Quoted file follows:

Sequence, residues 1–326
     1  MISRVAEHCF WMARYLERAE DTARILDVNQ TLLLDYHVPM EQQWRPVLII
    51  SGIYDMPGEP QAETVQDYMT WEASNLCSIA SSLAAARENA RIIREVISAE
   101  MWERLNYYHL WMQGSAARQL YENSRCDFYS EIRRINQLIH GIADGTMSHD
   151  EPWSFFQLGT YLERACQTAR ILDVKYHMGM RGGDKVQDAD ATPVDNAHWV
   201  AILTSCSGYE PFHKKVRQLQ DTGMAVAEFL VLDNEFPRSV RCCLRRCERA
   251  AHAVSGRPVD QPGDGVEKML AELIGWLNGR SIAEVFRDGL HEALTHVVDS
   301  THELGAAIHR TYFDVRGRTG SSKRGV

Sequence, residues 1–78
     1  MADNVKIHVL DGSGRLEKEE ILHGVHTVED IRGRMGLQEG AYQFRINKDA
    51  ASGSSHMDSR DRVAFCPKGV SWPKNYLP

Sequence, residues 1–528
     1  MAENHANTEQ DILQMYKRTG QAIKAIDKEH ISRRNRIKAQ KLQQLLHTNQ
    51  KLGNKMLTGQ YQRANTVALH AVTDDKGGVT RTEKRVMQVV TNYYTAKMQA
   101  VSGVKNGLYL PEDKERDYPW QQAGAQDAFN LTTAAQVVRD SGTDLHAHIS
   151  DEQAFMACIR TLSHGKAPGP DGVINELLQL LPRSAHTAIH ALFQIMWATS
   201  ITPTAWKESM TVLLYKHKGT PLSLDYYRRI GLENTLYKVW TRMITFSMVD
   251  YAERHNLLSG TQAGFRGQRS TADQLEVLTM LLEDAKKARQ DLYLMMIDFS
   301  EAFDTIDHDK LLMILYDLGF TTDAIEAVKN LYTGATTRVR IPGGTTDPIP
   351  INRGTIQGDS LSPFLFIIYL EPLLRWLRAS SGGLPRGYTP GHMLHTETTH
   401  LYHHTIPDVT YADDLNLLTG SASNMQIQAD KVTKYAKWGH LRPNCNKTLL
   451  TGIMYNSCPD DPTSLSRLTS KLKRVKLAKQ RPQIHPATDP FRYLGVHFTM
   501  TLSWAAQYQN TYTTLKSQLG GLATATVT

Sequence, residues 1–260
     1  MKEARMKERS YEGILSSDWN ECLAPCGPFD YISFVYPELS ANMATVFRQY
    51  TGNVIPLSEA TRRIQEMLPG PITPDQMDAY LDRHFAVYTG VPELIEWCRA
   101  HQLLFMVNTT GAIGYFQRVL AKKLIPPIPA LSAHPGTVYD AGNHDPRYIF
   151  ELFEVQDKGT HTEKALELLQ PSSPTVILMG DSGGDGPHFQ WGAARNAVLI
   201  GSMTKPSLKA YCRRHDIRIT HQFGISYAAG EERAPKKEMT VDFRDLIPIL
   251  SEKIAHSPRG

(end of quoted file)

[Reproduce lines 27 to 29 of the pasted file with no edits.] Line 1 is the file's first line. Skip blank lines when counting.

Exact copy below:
   101  HQLLFMVNTT GAIGYFQRVL AKKLIPPIPA LSAHPGTVYD AGNHDPRYIF
   151  ELFEVQDKGT HTEKALELLQ PSSPTVILMG DSGGDGPHFQ WGAARNAVLI
   201  GSMTKPSLKA YCRRHDIRIT HQFGISYAAG EERAPKKEMT VDFRDLIPIL